Germany China
MERICS Briefs
MERICS Europe China 360°
14 min read

Germany-China + Strategic Autonomy + Climate cooperation

Germany is attempting to de-escalate EU-China tensions – why and at what cost?

Five weeks have passed since the EU sanctioned China because of human rights issues in Xinjiang. The Chinese reaction was harsh and asymmetric. But the only official statement from the German government was: “We have taken note of China’s reaction”. Apart from that, nothing – not in the press release following German Chancellor Angela Merkel’s phone call with Chinese President Xi Jinping at the beginning of April, nor in the press release following the trilateral video call between Macron, Merkel and Xi. There has been no mention in Merkel’s speeches before the German Bundestag or any other occasion. 

Now, at the end of April, it is time for inter-governmental consultations – a privileged format Germany only uses for very few nations. So far, the only mention of human rights since the sanctions has been from Foreign Minister Heiko Maas, and all he said was that the European Union has made its position clear on this matter and the topic will be – as always – discussed at the inter-governmental consultations. It appears to be business as usual.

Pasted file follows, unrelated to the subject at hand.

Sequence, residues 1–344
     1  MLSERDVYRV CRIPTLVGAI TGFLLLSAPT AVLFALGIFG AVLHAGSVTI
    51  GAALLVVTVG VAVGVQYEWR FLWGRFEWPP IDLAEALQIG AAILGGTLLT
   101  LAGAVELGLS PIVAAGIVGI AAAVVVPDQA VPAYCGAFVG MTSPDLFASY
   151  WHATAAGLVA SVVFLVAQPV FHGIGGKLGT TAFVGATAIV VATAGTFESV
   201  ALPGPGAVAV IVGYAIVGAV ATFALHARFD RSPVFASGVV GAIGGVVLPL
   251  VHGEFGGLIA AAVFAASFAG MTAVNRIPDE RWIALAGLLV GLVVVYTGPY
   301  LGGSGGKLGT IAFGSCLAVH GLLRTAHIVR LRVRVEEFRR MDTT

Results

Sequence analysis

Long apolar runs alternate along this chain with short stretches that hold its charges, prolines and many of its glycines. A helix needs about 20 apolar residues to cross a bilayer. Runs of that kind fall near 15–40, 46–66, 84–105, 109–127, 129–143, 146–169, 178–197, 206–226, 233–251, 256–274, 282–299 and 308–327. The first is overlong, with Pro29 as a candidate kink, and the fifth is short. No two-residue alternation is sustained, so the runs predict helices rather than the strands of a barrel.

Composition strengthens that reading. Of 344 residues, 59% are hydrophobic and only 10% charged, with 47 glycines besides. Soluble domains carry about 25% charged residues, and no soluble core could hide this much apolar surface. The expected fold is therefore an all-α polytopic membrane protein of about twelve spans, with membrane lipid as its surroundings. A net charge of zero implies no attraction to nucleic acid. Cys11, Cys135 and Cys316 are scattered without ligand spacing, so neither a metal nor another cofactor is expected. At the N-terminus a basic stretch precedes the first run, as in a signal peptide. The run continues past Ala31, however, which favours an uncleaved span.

Author(s)
Grzegorz Stec
Grzegorz Stec
Analyst

EU-China relations; Central and Eastern Europe-China relations

Nis Grünberg
Nis Grünberg
Senior Analyst

State-party relations; elite politics; China’s sustainable development

Rebecca Arcesati
Rebecca Arcesati
Analyst

China’s foreign economic policy; Digital Silk Road; technology and innovation in EU-China relations

Author(s)
Grzegorz Stec
Grzegorz Stec
Analyst

EU-China relations; Central and Eastern Europe-China relations

Nis Grünberg
Nis Grünberg
Senior Analyst

State-party relations; elite politics; China’s sustainable development

Rebecca Arcesati
Rebecca Arcesati
Analyst

China’s foreign economic policy; Digital Silk Road; technology and innovation in EU-China relations